When a person writes a put they are promising to purchase the stock from the buyer of the put at an agreed upon price. An example of the use of a put would be an investor who expects the price of a stock to fall. This investor then borrows stock from someone who owns it, promising to replace it by a specified future date and paying a fee to the owner of the stock. If the stock falls in price as expected the investor buys the shares back at the new, lower price and gives them back to the person from whom he borrowed them. Selling stock you do not own is called "selling short" and it is risky because the short seller can lose money if the stock's price rises rather than falls. To protect themselves against this a short seller can sell a put thereby limiting his loss if the stock price doesn't fall.

Who would purchase a put? Consider the case where a person dies and leaves an estate containing a large number of shares in a company. The family of the deceased needs the money represented by the stock and want the executor to sell the stock and invest it in something more conservative. But it will take a few months before the estate is settled and the court allows the sale of the stock. Fearing that the stock may fall in value, the executor buys the put giving the estate the right, but not the obligation, to sell the stock at the strike price which is close to the current price. If the price of the stock rises the heirs get more money, but, if the price falls the heirs are guaranteed the strike price.


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    • profile image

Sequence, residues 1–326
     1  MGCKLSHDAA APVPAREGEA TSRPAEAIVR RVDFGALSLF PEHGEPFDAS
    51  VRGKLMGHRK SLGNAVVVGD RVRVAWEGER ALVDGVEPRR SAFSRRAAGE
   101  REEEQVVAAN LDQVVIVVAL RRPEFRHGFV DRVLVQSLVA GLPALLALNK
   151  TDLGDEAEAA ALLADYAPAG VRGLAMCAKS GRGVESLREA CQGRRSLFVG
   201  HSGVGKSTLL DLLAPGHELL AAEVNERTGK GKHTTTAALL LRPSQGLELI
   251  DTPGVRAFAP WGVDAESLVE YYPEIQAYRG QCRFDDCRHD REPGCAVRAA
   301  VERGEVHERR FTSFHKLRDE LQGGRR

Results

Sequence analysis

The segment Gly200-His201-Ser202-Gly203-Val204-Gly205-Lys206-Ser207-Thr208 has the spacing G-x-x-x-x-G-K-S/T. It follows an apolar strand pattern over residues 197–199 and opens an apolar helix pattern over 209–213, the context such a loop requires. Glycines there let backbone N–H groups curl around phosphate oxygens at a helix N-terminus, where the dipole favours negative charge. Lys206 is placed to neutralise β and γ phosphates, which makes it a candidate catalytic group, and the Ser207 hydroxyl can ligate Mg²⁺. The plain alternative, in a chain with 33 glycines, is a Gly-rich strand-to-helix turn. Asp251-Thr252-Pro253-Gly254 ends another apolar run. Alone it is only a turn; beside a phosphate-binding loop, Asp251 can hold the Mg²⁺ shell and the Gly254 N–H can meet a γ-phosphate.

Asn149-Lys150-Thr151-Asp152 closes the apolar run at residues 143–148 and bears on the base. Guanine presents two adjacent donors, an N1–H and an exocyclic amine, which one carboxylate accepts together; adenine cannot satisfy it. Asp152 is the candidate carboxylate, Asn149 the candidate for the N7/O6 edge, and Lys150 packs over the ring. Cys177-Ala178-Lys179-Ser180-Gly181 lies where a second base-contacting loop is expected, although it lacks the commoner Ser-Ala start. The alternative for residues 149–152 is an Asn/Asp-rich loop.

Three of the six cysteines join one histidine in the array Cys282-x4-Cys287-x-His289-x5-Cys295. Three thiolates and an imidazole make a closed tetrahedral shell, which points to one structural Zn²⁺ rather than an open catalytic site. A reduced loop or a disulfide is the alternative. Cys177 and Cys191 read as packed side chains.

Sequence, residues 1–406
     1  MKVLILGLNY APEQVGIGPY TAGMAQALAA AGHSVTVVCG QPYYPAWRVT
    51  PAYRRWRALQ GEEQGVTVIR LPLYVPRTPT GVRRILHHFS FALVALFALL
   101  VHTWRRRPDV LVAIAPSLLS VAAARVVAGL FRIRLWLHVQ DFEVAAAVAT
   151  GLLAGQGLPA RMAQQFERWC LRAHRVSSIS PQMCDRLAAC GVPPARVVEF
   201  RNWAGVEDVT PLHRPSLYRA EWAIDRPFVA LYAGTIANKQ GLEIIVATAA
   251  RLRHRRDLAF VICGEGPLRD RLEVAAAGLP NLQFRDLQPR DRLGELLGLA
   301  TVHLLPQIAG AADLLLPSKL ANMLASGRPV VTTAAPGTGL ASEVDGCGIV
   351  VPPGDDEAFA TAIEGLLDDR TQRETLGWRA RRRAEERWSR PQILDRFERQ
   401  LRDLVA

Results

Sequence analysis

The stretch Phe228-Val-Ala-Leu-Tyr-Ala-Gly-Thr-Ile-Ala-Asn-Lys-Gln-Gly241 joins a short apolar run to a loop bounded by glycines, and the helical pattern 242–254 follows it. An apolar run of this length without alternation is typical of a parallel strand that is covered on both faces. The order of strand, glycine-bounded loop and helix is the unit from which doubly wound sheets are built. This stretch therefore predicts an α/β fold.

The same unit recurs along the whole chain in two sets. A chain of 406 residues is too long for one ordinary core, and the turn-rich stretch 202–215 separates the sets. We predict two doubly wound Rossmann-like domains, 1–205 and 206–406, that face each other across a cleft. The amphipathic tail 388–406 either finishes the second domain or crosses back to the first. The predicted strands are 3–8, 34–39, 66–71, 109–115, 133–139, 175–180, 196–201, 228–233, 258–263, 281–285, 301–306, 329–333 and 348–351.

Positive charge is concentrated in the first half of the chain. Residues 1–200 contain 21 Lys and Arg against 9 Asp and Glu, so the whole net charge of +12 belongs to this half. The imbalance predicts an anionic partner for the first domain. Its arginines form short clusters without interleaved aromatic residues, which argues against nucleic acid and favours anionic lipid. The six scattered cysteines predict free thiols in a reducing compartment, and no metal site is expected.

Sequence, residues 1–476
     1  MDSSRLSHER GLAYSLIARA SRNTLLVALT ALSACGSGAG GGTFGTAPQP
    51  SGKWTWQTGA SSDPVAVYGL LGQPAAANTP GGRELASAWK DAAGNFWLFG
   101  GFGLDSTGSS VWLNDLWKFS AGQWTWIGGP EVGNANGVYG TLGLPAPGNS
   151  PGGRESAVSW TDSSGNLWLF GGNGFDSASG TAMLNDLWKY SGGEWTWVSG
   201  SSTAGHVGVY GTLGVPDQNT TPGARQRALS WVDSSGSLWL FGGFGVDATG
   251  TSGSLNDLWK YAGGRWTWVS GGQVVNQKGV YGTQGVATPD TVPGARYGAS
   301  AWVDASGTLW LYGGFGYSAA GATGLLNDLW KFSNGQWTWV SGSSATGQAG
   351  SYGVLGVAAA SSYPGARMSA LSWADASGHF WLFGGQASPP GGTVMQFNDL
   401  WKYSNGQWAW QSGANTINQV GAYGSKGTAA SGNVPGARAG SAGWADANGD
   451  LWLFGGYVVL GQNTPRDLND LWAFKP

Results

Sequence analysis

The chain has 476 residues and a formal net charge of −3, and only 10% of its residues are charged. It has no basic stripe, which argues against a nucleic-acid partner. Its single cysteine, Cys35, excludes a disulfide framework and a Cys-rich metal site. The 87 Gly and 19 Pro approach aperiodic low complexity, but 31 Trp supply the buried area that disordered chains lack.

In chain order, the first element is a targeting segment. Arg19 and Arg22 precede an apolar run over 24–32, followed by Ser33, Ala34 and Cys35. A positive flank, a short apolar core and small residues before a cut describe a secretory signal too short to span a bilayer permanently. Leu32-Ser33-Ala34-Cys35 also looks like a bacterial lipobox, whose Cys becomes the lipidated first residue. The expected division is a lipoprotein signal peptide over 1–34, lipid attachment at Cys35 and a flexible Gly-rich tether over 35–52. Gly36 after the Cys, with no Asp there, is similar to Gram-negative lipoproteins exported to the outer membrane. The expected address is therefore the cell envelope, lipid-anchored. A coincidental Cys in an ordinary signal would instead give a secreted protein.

options trading 

      8 years ago

      I really appreciate your post and you explain each and every point very well.Thanks for sharing this information.And I’ll love to read your next post too.

      "options trading

    • profile image


      8 years ago

      The risk here is that the stock price doesn't move and the option expiers leaving the speculator out by the few hundred dollars paid for the option.




    • profile image


      8 years ago

      Hi there. that's an awesome article ! I liked it , I especially like the way you emphasize on research...

    • reviewadon profile image


      9 years ago

      thanks for putting in the time with this hub, info really helped me out.

    • profile image


      9 years ago

      I found the angle about a person handling an estate an unusual one. It's not everyday people think about handling post mortem affairs of someone with an investment portfolio but your point is a good one.

    • avatarlagi profile image


      10 years ago

      optionis part derrivatives transaction right, a little bit confusing to me, right now I prefer low risk investment :)

    • profile image


      11 years ago

      Great hub, Anything you do without the proper research and you do not know the odds ahead of time is called gambling: stocks, options, new job, marriage, etc..

    • profile image


      11 years ago